But why? Why is this gospel so important? I began by saying that there is nothing more important in any generation than the maintenance of the truth of the gospel. Why is that? Because the gospel is the exclusive divine remedy for man in his sin and lostness. Romans 1:16 stands as a beacon light, reminding us of this basic truth: “For I am not ashamed of the gospel … for it [the gospel] is the power of God unto salvation to every one that believeth.” The gospel, it alone, is the answer to man in his sin and damnworthiness. So nothing is more important than the maintenance of the gospel. For it alone is the power of God unto salvation. Apart from this gospel no one can be saved.
It is for this reason that the apostle Paul says in Galatians 1:8, when there were those who would tamper with the gospel that he preached: “But though we, or an angel from heaven, preach any other gospel unto you than that which we have preached unto you, let him be accursed.” That word is “anathema.” The apostle uses a holy invective: Let him be damned if he dare tamper with the gospel!
Why is Paul so severe? Because only the gospel, undiluted in its truth, maintained in all of its truth, is the power of God unto salvation.
The Protestant church, which is the heir of the gospel, the heir of the Reformation, is called to maintain that gospel of justification by faith alone. We are called to maintain it as the holy deposit from Jesus Christ. In the words of Paul in II Timothy 1:13, “Hold fast the form of sound words, which thou hast heard of me.” It is urgent.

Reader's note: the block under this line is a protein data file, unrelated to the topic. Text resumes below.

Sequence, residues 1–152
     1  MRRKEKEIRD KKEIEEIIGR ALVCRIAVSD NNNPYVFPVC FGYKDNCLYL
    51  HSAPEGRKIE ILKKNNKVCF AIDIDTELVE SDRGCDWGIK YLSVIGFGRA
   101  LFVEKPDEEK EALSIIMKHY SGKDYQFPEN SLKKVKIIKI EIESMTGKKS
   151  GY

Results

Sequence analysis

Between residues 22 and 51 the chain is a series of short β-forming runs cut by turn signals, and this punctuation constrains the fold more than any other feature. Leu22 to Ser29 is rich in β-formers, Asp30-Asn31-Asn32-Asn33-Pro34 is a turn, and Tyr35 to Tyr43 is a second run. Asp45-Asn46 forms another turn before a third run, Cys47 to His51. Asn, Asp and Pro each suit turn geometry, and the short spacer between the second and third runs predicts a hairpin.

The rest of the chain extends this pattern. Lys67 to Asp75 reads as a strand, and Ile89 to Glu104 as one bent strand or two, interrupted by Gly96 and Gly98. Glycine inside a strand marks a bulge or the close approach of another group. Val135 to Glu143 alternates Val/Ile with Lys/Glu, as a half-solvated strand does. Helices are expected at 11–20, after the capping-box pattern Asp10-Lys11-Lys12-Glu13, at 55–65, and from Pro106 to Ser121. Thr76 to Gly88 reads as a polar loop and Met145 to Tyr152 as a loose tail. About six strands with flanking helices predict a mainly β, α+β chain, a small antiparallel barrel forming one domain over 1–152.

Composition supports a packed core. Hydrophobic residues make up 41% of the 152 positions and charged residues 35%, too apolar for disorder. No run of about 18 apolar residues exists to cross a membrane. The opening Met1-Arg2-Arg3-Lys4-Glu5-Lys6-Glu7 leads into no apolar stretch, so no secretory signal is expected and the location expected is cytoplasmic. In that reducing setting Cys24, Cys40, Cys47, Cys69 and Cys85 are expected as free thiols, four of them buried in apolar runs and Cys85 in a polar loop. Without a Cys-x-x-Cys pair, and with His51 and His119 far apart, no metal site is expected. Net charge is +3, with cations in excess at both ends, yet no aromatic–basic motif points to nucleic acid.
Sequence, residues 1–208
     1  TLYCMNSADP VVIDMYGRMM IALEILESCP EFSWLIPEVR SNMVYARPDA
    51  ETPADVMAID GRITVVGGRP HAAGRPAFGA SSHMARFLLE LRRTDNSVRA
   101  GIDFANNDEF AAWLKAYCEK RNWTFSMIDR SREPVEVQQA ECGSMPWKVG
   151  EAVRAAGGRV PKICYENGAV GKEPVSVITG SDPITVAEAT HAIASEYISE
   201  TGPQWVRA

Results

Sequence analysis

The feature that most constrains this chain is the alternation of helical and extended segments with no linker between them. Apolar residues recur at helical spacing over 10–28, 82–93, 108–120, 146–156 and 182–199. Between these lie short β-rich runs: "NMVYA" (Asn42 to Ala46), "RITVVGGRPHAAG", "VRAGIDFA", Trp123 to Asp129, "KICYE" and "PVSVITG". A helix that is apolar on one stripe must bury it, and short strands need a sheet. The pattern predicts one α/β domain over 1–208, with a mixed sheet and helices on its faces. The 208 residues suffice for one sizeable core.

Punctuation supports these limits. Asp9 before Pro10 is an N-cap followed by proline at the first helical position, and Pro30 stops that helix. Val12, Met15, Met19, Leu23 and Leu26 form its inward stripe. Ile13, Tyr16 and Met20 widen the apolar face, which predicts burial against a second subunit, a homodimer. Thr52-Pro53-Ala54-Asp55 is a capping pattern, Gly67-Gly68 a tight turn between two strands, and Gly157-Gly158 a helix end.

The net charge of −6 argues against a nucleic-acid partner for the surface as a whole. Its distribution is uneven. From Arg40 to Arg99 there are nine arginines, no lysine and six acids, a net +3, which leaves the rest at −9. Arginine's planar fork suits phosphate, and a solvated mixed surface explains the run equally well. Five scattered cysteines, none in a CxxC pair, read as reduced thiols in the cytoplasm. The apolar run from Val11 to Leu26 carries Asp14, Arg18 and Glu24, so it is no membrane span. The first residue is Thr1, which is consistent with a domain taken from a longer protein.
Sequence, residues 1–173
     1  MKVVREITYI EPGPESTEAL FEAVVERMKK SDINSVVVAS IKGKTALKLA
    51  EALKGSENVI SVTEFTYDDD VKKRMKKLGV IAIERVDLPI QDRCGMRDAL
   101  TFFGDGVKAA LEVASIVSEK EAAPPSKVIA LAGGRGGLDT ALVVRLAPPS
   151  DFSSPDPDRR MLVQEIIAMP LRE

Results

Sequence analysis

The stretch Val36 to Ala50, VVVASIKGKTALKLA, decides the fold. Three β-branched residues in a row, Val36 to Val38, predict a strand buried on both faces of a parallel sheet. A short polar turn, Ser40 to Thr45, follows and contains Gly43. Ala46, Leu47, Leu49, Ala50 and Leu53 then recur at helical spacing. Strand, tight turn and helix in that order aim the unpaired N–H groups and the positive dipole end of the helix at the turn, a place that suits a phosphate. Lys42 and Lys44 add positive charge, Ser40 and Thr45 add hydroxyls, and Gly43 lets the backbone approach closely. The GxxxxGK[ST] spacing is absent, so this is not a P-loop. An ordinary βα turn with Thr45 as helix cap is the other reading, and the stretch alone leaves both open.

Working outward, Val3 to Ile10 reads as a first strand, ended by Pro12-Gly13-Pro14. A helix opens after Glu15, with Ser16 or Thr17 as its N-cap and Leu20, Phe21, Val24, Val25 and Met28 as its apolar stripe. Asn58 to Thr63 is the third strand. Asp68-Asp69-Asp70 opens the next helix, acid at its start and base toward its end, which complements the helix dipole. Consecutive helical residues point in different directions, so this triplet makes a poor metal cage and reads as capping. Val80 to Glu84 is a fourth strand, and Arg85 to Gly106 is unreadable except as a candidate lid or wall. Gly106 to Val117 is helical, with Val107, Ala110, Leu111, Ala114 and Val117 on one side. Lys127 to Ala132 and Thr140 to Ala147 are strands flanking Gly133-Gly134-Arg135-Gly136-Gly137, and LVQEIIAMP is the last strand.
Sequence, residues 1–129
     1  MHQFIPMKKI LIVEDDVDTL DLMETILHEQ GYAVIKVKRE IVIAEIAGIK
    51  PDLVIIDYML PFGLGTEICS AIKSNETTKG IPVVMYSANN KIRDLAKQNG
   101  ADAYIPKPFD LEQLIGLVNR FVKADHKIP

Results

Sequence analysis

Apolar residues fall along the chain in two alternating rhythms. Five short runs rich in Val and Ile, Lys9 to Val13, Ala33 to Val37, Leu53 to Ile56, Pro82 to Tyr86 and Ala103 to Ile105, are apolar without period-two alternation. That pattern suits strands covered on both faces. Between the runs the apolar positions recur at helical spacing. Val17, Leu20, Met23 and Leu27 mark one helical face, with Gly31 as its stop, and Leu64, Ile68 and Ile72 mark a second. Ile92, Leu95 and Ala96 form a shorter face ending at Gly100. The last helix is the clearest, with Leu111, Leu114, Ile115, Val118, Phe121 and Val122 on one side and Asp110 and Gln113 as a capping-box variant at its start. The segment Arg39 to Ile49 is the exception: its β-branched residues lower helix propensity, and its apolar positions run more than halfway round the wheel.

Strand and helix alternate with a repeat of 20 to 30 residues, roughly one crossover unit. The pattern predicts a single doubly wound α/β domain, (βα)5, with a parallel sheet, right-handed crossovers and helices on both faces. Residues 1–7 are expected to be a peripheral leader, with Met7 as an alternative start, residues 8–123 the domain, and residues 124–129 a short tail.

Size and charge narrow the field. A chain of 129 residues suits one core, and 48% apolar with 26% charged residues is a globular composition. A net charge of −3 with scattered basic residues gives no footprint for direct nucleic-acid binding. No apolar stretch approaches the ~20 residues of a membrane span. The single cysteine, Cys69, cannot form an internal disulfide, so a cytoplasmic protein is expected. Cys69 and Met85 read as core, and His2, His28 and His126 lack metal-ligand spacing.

Why is it so urgent? Because, in the words of another Reformed creed, there is abroad today a too gross blasphemy. The other creed to which I am referring now is the BelgicConfession, another beautiful Reformed creed. I am referring to Article 22 of that confession. Let me read to you a few words:
For it must needs follow, either that all things which are requisite to our salvation are not in Jesus Christ, or, if all things are in Him, that then those who possess Jesus Christ through faith have complete salvation in Him. Therefore, for any to assert that Christ is not sufficient, but that something more is required besides Him, would be too gross a blasphemy; for hence it would follow that Christ was but half a Savior.
Therefore we justly say with Paul, that we are justified by faith alone, or by faith without works.
That “too gross a blasphemy,” namely, that something more is required besides Jesus Christ, that Jesus Christ is not sufficient—that “too gross a blasphemy” is living in Protestantism today.